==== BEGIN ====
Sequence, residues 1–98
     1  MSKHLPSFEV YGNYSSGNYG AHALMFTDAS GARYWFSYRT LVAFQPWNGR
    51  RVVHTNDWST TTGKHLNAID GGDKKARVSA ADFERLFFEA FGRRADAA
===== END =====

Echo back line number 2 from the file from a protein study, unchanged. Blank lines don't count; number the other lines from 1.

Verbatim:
     1  MSKHLPSFEV YGNYSSGNYG AHALMFTDAS GARYWFSYRT LVAFQPWNGR